Over in Cairo, CIA agent Moira McTaggert (Rose Byrne) is investigating religious mutant cults, and accidentally uncovers the buried temple of En Sabah Nur. I mean “accidentally uncovers” almost literally; if I’m not mistaken, her actions are directly responsible for his discovery and subsequent reawakening. Now played by Oscar Isaac under several pounds of rubbery prosthetics and makeup, he begins to recruit mutants as acolytes to put his grand plan into motion. What is this plan? It involves something about cleansing the entire planet of all life, or some life, or the weak. This rather expectedly escalates into something resembling all-out war between good and evil. Why is this his plan? See Paragraph B, Sentence 5. I say it’s because he woke up, took a look at himself in the mirror, and said, “Well, why not?” How droll it would be to have an ancient evil being wake up after thousands of years of slumber and escape their enchanted prison to discover that the world is already exactly what they were envisioning, and there’s nothing really left to do but build a nice throne and be served delicacies. Discerning readers will note that my opinion of the film appears to be slipping southward.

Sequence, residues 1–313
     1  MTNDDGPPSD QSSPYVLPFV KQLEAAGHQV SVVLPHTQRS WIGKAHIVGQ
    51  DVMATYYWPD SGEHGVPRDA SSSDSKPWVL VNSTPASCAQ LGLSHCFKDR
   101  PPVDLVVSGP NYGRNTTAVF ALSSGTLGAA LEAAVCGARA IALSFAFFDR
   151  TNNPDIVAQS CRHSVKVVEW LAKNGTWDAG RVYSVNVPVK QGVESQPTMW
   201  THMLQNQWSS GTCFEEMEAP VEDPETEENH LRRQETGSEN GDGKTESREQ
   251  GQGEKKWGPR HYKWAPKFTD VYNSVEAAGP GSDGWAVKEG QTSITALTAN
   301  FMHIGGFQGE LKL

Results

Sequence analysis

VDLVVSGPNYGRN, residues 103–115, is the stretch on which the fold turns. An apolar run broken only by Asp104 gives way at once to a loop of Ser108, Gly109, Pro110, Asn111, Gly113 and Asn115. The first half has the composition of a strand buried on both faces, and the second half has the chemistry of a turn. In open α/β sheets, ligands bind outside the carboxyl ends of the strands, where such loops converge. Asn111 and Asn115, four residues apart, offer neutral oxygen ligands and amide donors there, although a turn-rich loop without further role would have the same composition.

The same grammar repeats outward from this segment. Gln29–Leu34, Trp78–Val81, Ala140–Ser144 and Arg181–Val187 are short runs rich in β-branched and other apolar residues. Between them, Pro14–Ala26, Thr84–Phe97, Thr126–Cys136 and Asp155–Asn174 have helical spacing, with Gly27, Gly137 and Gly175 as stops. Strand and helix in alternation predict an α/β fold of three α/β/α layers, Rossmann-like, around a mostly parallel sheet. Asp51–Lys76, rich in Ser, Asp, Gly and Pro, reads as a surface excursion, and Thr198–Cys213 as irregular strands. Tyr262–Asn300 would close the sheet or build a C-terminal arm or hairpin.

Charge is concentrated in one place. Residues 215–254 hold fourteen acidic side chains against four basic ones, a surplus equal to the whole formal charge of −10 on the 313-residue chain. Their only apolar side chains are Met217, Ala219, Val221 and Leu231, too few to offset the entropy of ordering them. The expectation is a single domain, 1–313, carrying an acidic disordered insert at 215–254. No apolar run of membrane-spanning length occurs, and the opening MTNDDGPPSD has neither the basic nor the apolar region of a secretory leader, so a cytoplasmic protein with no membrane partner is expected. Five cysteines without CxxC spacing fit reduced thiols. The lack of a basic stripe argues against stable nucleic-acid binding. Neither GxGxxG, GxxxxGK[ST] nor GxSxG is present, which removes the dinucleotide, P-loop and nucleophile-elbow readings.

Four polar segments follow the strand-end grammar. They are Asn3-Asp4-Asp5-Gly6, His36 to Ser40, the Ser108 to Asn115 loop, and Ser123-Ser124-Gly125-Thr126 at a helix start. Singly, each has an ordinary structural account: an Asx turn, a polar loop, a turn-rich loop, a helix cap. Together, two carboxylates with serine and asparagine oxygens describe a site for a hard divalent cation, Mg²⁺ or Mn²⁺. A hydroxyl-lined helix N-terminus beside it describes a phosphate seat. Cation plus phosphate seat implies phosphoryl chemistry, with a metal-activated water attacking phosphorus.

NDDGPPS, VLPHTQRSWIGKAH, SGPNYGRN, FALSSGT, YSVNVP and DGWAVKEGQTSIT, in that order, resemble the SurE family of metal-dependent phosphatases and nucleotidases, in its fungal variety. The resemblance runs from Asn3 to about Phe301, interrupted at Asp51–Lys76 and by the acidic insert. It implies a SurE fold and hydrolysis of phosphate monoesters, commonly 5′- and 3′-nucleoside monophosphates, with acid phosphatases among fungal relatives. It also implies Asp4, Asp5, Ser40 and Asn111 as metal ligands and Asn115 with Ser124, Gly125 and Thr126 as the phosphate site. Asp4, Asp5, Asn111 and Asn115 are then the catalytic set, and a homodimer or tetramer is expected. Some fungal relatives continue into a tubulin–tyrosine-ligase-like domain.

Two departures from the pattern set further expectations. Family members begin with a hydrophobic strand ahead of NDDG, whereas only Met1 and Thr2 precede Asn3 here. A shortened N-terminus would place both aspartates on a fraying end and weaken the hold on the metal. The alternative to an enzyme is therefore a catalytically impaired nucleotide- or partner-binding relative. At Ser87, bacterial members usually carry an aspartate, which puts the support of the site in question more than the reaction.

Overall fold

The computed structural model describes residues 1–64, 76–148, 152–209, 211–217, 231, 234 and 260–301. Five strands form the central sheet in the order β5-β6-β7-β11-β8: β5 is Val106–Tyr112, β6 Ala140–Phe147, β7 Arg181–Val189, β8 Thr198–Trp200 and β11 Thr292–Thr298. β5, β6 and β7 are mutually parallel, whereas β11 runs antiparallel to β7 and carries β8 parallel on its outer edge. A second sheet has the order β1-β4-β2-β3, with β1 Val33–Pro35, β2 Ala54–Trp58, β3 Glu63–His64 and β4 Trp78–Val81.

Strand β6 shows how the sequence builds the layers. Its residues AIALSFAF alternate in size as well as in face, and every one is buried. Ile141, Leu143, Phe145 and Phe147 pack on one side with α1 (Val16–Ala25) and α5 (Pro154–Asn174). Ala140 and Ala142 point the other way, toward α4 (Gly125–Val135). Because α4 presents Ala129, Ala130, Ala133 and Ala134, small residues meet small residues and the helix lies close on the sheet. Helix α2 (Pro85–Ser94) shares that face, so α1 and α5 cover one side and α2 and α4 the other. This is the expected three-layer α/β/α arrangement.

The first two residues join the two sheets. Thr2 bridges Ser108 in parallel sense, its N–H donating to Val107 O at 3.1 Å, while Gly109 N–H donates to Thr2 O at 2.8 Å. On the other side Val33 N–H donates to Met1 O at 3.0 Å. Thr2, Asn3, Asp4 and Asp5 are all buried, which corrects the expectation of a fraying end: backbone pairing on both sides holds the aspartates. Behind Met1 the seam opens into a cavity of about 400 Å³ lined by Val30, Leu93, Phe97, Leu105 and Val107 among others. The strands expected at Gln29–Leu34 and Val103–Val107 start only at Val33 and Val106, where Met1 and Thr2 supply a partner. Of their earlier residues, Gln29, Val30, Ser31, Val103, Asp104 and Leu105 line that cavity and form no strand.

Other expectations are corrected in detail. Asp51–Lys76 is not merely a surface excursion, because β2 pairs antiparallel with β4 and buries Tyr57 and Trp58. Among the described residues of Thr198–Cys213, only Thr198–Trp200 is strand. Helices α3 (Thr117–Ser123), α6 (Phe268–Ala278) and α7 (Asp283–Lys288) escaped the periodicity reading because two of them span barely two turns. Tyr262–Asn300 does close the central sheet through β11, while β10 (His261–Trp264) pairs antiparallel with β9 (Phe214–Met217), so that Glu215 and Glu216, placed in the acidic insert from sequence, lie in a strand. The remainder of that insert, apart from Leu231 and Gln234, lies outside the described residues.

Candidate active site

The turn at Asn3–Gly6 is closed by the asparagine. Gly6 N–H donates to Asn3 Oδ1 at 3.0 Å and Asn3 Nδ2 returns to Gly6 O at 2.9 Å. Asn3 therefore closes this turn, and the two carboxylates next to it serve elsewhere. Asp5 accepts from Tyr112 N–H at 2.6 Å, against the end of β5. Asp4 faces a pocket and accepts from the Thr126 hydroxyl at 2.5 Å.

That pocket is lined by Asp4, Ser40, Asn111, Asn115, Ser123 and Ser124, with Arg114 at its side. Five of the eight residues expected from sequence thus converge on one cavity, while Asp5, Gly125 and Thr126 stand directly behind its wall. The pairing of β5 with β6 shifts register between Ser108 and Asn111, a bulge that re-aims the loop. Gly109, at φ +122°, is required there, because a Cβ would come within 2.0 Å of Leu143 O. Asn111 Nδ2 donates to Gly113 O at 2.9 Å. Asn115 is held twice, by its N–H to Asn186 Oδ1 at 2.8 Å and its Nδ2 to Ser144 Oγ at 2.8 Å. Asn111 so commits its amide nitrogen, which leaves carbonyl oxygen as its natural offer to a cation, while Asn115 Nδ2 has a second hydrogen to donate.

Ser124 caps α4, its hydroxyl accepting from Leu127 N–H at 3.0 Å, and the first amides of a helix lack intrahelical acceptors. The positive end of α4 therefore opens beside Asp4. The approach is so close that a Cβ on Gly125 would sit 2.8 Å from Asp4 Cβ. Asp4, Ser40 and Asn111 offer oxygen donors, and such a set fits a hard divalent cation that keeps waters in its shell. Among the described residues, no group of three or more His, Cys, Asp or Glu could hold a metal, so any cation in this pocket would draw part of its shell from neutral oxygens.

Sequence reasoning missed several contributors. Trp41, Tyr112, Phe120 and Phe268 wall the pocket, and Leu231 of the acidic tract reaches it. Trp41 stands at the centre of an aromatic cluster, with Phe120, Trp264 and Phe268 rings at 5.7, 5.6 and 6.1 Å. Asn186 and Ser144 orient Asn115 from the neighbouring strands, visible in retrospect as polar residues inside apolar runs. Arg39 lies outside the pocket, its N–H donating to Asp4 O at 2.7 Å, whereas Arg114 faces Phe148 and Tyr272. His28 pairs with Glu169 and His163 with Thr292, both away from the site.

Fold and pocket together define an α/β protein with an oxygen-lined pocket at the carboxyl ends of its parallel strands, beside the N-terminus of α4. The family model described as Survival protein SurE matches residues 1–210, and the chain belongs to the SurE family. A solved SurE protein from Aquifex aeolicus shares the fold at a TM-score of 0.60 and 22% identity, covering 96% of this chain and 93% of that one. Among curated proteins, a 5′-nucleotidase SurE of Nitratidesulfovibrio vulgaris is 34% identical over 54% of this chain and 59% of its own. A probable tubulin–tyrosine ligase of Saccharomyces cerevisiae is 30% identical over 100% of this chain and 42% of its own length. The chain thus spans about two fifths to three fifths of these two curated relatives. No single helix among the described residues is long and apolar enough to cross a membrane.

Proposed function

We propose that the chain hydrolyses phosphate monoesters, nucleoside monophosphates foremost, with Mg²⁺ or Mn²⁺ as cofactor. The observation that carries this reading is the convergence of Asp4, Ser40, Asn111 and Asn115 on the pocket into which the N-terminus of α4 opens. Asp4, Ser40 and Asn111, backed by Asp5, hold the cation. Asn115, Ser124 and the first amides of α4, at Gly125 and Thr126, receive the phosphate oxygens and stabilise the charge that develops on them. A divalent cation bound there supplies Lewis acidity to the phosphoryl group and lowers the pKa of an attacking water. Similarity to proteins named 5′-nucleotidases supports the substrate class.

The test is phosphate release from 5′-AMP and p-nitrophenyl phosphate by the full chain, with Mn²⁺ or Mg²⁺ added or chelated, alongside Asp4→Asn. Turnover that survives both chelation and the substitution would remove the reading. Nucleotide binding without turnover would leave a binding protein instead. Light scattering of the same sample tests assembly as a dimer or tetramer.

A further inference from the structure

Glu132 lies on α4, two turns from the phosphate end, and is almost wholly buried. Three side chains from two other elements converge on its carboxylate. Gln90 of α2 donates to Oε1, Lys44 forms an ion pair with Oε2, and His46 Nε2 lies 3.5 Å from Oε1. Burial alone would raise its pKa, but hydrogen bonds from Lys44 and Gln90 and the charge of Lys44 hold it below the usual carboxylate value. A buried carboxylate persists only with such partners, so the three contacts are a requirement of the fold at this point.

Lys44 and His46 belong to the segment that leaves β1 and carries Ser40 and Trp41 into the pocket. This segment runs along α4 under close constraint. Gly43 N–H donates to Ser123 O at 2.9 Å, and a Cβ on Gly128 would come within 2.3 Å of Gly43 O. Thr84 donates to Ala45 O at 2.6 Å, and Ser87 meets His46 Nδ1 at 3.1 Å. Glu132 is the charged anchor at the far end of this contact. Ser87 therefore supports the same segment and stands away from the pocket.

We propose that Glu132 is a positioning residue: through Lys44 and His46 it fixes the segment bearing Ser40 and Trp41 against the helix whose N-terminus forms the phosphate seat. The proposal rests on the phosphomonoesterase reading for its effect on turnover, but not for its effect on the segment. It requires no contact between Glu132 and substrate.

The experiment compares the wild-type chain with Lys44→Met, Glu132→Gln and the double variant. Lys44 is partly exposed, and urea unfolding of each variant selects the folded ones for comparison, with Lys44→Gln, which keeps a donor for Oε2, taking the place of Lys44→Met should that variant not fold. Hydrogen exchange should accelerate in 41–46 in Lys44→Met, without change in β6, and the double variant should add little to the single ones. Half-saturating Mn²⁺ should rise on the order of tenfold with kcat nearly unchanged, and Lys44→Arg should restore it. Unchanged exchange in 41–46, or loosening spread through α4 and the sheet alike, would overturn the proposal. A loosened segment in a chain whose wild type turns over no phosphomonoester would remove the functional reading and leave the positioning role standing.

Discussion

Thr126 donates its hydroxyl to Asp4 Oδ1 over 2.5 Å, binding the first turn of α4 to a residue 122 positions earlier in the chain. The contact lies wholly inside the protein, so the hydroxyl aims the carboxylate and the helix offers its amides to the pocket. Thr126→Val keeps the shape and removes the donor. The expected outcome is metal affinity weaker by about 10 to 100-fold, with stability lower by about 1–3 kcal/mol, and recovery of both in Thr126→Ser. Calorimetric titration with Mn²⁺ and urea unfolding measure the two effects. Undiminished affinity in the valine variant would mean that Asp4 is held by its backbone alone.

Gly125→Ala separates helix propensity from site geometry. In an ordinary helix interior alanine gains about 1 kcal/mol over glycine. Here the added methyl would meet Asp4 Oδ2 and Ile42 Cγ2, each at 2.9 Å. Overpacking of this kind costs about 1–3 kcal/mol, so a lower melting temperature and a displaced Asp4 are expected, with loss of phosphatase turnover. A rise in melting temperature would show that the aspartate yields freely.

In the best of the X-Men movies, each character has a bit of background or motivation for why they do what they do, even the bad guys. Just for fun, let’s take a look at X-Men: The Last Stand, so clearly the most maligned of the direct sequels (undeservedly so, in my opinion) that this film makes an oblique crack about it. In that 2006 film, you had the character of Angel as a confused and frightened kid grown into a confused and frightened adult. He didn’t get much screen time, but there was a conveyance of raw and unmodulated emotion, obviously directed at him alternately hiding from and seeking approval from his father. It was an effective manifestation of both the character and a character arc.